What bills are alive after the funnel deadline?

The first funnel deadline in the Legislature advances some, kills other bills.



From the roof of the Iowa Historical Museum in Des Moines, the state capitol seems to hover above Des Moines East Village. (Robert Cross/Chicago Tribune/MCT)

Julia DiGiacomo, politics reporter

The first round of bills have been sifted through committees in the Iowa Legislature.  The surviving bills are one step closer to becoming law in Iowa, from expanding the CBD program to dispensing birth control without prescription and more.

By March 8, any bills that have not been passed through a House or Senate committee die, meaning they can’t be considered later during the session. This self-imposed deadline on March 8, known as the funnel deadline, was created to keep the legislative process moving.

Rep. Michael Breitbach, R-Strawberry Point, said the Legislature usually receives around 2,500 new bills and amendments each year.

“But only between around 170 or 175 seem to make it all the way through [funnel week],” he said.

As of March 7, approximately 180 bills were eligible for debate on the Senate floor and 125 in the House. These will progress to be debated on the chamber floor starting March 11.

A number of bills approved for floor debate are picking up momentum.

Gov. Kim Reynolds proposed a bill Feb. 12 to allow hormonal contraceptives to be purchased without a prescription, which was recommended for unanimous passage by a House subcommittee March 6.

Under the bill, Iowa Department of Public Health’s medical director would sign a statewide standing order to serve in place of a prescription so that adult Iowans could more easily receive contraceptive products such as birth-control pills, hormone patches, and vaginal rings. Pharmacists would be required to undergo specific training on dispensing the contraceptives.

Related: Reynolds supports over-the-counter birth control

Legislation, introduced by Sen. Brad Zaun, R-Urbandale, and Sen. Nate Boulton, D-Des Moines, could expand the availability of CBD in Iowa. The bill would increase the list of medical ailments to be treated with cannabidiol.

Sen. Joe Bolkcom, D-Iowa City, said a similar House bill passed through committee earlier this week. He said its expansions are modest in comparison with the Senate bill.

“It doesn’t add any more locations where people can get medications,” he said. “There are only five dispensaries in the state, and we need many many more if we’re going to have people easily access cannabis medicine.”

Related: Lawmakers try to expand CBD program

Other bills that have successfully progressed past the deadline include a bill to allow firearms in the parking lots of school grounds and a bill to give legislators a role in the the judicial-commission selection.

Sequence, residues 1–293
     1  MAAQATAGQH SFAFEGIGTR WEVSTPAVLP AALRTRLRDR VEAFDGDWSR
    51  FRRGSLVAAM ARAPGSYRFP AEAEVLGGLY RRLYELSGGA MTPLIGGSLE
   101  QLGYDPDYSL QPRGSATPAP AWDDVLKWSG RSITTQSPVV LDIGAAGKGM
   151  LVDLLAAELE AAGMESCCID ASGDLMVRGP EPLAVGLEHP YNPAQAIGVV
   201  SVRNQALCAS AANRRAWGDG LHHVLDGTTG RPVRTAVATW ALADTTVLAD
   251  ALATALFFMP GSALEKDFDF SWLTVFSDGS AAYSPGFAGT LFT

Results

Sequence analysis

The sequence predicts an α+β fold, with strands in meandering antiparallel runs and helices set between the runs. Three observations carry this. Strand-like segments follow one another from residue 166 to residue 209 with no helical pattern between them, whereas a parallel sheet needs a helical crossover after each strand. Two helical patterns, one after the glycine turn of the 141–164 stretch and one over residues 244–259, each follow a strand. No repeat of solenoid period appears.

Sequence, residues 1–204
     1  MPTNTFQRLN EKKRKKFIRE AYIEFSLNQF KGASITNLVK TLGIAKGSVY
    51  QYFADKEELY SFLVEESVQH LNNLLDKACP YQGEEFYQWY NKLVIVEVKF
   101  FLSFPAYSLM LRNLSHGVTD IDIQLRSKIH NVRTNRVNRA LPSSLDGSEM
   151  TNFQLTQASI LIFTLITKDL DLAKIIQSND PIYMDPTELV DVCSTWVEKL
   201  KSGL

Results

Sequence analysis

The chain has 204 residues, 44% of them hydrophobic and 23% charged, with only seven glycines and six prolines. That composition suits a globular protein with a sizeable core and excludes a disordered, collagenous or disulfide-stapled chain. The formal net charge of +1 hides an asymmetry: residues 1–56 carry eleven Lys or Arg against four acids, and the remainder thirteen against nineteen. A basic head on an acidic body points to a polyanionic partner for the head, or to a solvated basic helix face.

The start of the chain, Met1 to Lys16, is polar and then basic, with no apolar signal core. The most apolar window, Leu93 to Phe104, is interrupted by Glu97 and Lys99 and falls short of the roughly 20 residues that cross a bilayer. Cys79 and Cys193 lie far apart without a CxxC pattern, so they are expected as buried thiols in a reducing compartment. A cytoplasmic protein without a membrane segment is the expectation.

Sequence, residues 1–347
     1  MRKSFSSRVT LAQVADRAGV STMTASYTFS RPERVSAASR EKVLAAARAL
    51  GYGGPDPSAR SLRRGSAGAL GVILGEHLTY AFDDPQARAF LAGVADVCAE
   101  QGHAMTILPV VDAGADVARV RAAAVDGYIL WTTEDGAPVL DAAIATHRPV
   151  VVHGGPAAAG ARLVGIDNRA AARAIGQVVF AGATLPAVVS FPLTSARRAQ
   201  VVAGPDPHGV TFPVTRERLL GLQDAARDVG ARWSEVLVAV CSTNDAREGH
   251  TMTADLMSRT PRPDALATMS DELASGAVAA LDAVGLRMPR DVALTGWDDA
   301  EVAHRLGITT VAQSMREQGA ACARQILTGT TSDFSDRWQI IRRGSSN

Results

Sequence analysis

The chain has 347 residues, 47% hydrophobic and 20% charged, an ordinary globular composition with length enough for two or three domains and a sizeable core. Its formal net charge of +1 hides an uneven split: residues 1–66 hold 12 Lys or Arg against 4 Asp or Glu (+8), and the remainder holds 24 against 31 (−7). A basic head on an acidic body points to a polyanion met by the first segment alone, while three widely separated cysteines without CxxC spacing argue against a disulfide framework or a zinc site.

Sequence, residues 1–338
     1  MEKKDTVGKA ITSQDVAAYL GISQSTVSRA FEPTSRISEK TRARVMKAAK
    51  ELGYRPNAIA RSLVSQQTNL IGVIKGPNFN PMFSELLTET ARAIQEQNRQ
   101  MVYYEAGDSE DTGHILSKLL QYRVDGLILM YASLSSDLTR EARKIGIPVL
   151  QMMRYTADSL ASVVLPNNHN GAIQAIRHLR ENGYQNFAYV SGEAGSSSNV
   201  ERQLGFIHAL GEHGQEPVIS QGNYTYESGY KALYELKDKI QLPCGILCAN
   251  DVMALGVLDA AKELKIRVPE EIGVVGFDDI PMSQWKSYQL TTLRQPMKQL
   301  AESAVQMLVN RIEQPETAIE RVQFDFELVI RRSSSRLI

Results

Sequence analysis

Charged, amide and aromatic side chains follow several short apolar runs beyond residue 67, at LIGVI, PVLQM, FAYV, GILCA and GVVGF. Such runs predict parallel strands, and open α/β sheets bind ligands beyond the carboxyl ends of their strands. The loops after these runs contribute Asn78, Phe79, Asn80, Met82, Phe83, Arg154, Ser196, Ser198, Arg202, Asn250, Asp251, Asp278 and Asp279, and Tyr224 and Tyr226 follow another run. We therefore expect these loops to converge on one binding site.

Legislation to establish a children’s mental-health system picked up support in committee as well. The initiative would require specific core services for children’s mental-health services.

Related: Momentum for children’s mental-health system grows in Iowa

Other bills will be left on the cutting room floor of the Capitol, not having successfully passed out of their respective committees.

One bill in the House which would require that the state Board of Regents adopt a written measure to ensure that Iowa universities do not infringe on college students’ free speech, was not taken up for debate by the House Education Committee.

A Senate version, however, did pass the Senate Education Committee, and is eligible for floor debate.

Rep. Art Staed, D-Cedar Rapids, voted against the regent bill in subcommittee.

“There was some discussion about whether or not this was kind of a backhanded accusation that [the regents] are not honoring free expression at the universities where clearly I think … that’s not the case,” he said. “They’re certainly open to free expression, and I’m not aware of suppression of that in any of our universities.”

Another university-related bill that was not picked up by the Senate Education Committee included a bill to end professor tenure in universities.

Related: Free-speech bill moving through Iowa Senate following court ruling against UI

Breitbach, who chairs the House Appropriations Committee, said one bill could have prevented the state from continuing to buy land for conservation efforts. However, the bill stalled in committee.

“Right now, the state has a lot of land that it’s unable to maintain,” Breitbach said. “The Department of Natural Resources does not have the funds or the manpower to maintain it. You also have to look at what is the function of the state. Is the function of the state to own land or is the function of the state to work for the people of Iowa and provide services and structure?”

Critics of the bill say it could negatively affect the state’s conservation efforts of Iowa’s nature.

Rep. Bobby Kaufmann, R-Wilton, said in an interview March 3 he was working to get one of his bills through committee this week before the funnel deadline. March 7, his puppy-mill legislation was approved for floor debate.

“One of the bills that’s important to a lot of folks in Johnson County that I just recently worked on is a bill to combat puppy mills and try to hold some of the bad actors that don’t do a good job of caring for their puppies … accountable,” he said.

Editor’s note: a previous version of this article incorrectly stated that a bill to end tenure at Iowa universities did pass committee. The bill was not taken up in the Senate Education Committee. The Daily Iowan regrets the error.